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Dear Rob: 'Am I headed for financial ruin?' Add to ...

Rob Carrick: Stephen, a very good question. I wrote one of the articles to which you refer and my point was not so much to criticize the fact that people are saving, but rather to highlight how much money is being saved in the wrong places. Let's start with money market mutual funds, which people are using to park money they've taken out of their investment portfolios.

Money market funds are providing returns of well less than 1 per cent on an annualized basis today. Most of these funds are charging far more in fees than they're returning to investors. It's scandalous. Other rotten places to save are conventional bank accounts, where the interest is minimal at best.

If you want to keep some ready, safe cash around because of the economy, go ahead. But be picky. Find a high-interest savings account paying 2 per cent (Ally, Peoples Trust, Maxa Financial). Investors willing to move a fair bit up the risk ladder might consider some dividend-paying blue chip stocks. Dividend yields on these stocks could easily be 3 or 4 per cent, and you get the benefit of the dividend tax credit in non-registered accounts. Sure, these stocks can fall in value. But with the worst of the recession over, dividends paid by rock-solid companies seem safe.



Mike: Hello Rob, when will you be publishing your survey about online trading? I am about to move some money to one of these and I'd like to use this information. Thanks.



Rob Carrick: Hi Mike. Glad you asked about the next edition of The Globe and Mail's annual ranking of online brokers. We're looking at publishing it later in October. Stay tuned. And, let me urge all online brokerage customers to drop me a line if they have something good or bad to point out about the firm they deal with.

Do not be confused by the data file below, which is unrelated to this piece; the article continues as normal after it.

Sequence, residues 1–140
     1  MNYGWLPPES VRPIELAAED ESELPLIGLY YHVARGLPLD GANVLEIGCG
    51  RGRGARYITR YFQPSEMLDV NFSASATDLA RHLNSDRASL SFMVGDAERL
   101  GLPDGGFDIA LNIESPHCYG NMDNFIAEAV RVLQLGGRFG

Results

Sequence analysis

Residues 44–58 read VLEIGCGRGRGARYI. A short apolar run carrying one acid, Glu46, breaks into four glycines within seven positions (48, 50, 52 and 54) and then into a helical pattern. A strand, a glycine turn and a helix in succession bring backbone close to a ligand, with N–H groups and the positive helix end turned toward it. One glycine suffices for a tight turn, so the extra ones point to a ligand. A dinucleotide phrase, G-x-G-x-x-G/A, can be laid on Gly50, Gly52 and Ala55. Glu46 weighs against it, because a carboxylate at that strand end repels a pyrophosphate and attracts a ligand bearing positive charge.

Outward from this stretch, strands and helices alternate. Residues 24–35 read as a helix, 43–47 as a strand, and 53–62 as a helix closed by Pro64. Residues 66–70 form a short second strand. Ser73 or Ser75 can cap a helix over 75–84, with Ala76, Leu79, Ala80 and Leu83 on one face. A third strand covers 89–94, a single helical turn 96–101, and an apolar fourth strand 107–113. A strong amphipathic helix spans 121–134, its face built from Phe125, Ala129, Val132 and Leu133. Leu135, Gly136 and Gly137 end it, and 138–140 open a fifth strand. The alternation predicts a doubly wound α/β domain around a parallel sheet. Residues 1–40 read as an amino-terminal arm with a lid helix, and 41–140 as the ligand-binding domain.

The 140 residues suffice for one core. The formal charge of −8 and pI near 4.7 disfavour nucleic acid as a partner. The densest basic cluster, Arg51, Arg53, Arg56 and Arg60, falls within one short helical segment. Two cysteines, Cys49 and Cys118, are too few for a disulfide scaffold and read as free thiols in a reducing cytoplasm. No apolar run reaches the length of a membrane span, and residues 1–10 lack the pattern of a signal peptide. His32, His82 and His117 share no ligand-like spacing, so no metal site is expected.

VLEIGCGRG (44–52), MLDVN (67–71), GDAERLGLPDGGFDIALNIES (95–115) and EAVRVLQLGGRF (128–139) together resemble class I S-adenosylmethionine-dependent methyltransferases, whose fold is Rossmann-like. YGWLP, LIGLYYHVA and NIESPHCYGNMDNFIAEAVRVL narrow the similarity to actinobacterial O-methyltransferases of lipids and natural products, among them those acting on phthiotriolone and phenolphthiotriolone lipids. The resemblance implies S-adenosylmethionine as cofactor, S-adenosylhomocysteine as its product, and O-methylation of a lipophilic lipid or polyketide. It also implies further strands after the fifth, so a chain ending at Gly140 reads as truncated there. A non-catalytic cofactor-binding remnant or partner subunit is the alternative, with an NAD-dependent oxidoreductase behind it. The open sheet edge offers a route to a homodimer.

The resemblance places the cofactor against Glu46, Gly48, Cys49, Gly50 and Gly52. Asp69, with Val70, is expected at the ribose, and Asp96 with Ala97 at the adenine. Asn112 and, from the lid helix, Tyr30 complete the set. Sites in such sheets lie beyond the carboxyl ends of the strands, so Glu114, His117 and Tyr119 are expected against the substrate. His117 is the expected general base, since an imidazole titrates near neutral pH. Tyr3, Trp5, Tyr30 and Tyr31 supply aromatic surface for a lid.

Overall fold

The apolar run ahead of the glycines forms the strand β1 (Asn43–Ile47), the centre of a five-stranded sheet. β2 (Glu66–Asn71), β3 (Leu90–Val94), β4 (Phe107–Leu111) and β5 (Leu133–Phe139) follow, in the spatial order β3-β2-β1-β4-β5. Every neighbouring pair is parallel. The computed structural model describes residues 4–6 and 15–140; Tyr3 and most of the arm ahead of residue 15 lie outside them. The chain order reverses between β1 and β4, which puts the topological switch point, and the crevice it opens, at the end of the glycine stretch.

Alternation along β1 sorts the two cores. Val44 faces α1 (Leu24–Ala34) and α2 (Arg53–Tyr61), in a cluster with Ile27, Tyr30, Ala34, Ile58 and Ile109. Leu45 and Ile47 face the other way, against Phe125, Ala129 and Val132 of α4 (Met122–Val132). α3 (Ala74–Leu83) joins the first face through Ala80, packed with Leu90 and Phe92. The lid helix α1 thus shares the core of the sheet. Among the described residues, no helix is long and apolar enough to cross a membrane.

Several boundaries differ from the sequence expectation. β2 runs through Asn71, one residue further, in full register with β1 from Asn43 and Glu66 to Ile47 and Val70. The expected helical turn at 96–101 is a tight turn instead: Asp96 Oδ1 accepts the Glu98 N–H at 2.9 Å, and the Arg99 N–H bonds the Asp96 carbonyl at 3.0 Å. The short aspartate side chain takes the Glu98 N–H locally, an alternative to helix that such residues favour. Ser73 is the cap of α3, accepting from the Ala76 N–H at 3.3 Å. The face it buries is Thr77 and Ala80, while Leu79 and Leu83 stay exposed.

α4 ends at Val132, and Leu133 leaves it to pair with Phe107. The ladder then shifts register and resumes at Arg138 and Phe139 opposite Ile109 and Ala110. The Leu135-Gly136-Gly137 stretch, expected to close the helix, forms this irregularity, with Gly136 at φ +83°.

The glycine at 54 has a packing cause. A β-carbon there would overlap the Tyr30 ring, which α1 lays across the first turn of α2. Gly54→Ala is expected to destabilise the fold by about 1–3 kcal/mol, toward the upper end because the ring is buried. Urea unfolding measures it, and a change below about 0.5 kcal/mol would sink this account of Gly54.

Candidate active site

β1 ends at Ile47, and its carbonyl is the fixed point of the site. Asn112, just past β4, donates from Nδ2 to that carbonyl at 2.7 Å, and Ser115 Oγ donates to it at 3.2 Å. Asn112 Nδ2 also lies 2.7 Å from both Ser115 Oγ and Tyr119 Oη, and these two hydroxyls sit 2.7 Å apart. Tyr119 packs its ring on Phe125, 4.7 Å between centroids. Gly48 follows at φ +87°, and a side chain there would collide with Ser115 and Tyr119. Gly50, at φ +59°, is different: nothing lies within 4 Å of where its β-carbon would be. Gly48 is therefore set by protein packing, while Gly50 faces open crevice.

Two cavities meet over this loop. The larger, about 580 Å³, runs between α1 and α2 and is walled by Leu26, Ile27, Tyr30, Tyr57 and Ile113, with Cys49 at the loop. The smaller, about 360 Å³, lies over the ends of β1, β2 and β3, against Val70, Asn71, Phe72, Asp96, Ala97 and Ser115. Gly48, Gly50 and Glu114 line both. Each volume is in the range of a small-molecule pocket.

Mutual funds and ETFs, income trusts and REITS





Christian in Ottawa: Are you a fan of mutual funds? Or the fashion nowadays are EFTs?

Rob Carrick: ETFs are not a fashion. The are an evolution. First, we had mutual funds, which to this day remain a sensible, practical way for the average person to invest. Exchange-traded funds give you most of what mutual funds do, but they do it better. ETFs cost less, they're more flexible for building portfolios, they're more tax-efficient in non-registered accounts and, in an age of justifiable investor skepticism and suspicion, they are more transparent. Where ETFs fall down a bit is in the fact that you must have a brokerage account (full service or discount) to buy them. Mutual funds are way more accessible -- you can buy them at the local bank, for God's sake. So, investors, buy mutual funds if you're just not ever going to get yourself a brokerage account, or your adviser simply isn't licensed to sell ETFs. Carefully chosen, funds are just fine. But if you can get over the brokerage account hurdle -- and many investors are, if you judge by the flood of new accounts being set up at online brokers -- then you owe it to your portfolio to give ETFs a long look.



Peter: I am working on creating a passive ETF portfolio. Two questions, are there good ETFs that I can use for holding cash, like a money market fund and still get some kind return? For foreign content I have a hard time putting my money in US or international ETFs when you look their 10 yr track record and how the investments have been hurt by the rising CND dollar and poor performing U.S. market. So I have left this in a couple value based mutual funds that have relatively low fees. Is this a good strategy in your opinion?



Rob Carrick: Peter, there is in fact a money market ETF. It's called the Claymore Premium Money Market ETF (CMR-TSX) and it has a super-low MER of 0.25 per cent. The problem with this ETF is that you have to pay a brokerage commission to buy or sell it. These commissions could well obliterate all your gains at a time when interest rates are so low. As for your decision to leave your international holdings in value-oriented mutual funds, I like your thinking. Even die-hard ETF people concede that a mix of passive investments (tracking indexes) and actively managed funds (where a manager chooses the stocks) can make sense. I think you've hit upon just such a situation. If you've chosen well, your value managers may be able to scout out stocks that have been pounded in the past year or two but have good long-term potential.

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